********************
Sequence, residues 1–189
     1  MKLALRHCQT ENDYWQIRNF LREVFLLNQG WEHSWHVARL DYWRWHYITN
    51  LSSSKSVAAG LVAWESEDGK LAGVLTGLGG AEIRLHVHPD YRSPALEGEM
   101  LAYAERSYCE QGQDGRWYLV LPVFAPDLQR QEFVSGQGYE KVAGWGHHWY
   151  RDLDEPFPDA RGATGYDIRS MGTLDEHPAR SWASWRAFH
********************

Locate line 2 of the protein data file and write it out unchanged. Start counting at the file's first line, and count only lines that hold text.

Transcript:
     1  MKLALRHCQT ENDYWQIRNF LREVFLLNQG WEHSWHVARL DYWRWHYITN